C Language

Brace Yourself

The problem occurs because of a missing semicolon. Many "old hand" C programmers would say the solution is simply to add the semicolon (after a few hours of debugging!). But does the following correction give us a safe program?

 If (xcnt < 2)
   return;
 date = x[0];
 time = x[1];

What if we decide to add an error message?

 if (xcnt < 2)
   printf("Timestamp array is too small\n");
   return;
 date = x[0];
 time = x[1];

Indeed, this is the ultimate "safe" program - for valid arrays, it never does anything but return, terminating program execution! The code's execution is identical to

 if (xcnt < 2) {
   printf("Timestamp array is too small\n");
 }
 return;
 date = x[0];
 time = x[1];

For quick coding, C lets you omit the { } around a conditional statement, a shortcut most published C programs take advantage of. You will be tempted to take this shortcut, too. Don't! Ever! Always enclose conditional code in braces. The errors introduced by incorrectly matched conditions and subordinate statements are very hard to ferret out. Our original example is better coded like this:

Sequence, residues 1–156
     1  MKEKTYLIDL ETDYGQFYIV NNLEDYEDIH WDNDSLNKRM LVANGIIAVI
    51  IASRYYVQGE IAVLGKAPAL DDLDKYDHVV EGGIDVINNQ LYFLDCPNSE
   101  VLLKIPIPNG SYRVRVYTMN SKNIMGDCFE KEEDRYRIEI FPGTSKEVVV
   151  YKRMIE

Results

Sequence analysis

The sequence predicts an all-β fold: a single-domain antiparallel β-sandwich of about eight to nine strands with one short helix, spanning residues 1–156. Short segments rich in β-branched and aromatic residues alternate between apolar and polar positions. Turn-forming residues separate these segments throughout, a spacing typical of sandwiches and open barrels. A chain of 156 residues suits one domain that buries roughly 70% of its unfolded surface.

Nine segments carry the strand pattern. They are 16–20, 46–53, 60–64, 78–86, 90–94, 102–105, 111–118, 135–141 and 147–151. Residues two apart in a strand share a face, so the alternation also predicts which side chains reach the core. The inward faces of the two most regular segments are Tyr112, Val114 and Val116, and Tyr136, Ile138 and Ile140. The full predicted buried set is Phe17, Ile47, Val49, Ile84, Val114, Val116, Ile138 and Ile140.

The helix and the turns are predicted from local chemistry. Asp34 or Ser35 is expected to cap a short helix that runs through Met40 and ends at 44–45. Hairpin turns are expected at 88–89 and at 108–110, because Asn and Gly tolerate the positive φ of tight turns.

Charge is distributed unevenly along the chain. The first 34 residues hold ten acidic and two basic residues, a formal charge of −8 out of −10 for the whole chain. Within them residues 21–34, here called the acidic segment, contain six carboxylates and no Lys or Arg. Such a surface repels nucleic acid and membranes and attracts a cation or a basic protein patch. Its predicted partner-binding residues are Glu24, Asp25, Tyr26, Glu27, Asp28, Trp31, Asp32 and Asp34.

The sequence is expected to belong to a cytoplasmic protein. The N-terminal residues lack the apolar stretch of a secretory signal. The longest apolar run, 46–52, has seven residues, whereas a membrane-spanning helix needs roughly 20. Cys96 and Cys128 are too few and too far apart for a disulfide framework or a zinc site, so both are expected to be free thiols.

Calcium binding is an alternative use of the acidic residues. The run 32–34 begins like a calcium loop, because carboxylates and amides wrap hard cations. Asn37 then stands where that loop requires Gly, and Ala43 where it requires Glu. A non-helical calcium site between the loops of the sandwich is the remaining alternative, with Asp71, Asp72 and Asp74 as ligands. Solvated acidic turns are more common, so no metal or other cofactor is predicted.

if (xcnt < 2) {
   return;
 }
 date = x[0];
 time = x[1];

Note that using braces also lets the compiler catch a missing semicolon, so you get lots of protection by following this simple rule.

Unwinding this example also suggests a rule I mentioned in Chapter 2: Do all your assignments as separate statements, not as part of a more complex expression. Another helpful rule is: Use parentheses around expressions in return statements. For example, if you really did want to return the date after assigning it to a global variable, you might code

 if (xcnt < 2) {
   date = x[0];
   return  (date);
 }

This doesn't solve the original problem we looked at, but it does show how to code return statements so you're less likely to be tripped up by other problems with complex expressions.

by BrainBellupdated
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